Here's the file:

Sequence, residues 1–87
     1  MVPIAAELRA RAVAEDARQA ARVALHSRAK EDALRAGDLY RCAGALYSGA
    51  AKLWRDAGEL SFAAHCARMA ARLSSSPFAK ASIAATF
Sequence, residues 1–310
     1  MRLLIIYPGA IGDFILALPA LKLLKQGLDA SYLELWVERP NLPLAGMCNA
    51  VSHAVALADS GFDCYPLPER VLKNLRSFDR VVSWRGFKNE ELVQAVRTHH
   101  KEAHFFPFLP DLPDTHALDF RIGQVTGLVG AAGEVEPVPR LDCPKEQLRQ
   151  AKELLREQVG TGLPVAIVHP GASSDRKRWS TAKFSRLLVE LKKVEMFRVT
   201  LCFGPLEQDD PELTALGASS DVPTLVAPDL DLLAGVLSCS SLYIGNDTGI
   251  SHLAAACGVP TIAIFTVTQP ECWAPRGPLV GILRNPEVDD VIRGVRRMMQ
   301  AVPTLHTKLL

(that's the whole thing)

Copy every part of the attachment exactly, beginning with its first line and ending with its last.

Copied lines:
Sequence, residues 1–87
     1  MVPIAAELRA RAVAEDARQA ARVALHSRAK EDALRAGDLY RCAGALYSGA
    51  AKLWRDAGEL SFAAHCARMA ARLSSSPFAK ASIAATF
Sequence, residues 1–310
     1  MRLLIIYPGA IGDFILALPA LKLLKQGLDA SYLELWVERP NLPLAGMCNA
    51  VSHAVALADS GFDCYPLPER VLKNLRSFDR VVSWRGFKNE ELVQAVRTHH
   101  KEAHFFPFLP DLPDTHALDF RIGQVTGLVG AAGEVEPVPR LDCPKEQLRQ
   151  AKELLREQVG TGLPVAIVHP GASSDRKRWS TAKFSRLLVE LKKVEMFRVT
   201  LCFGPLEQDD PELTALGASS DVPTLVAPDL DLLAGVLSCS SLYIGNDTGI
   251  SHLAAACGVP TIAIFTVTQP ECWAPRGPLV GILRNPEVDD VIRGVRRMMQ
   301  AVPTLHTKLL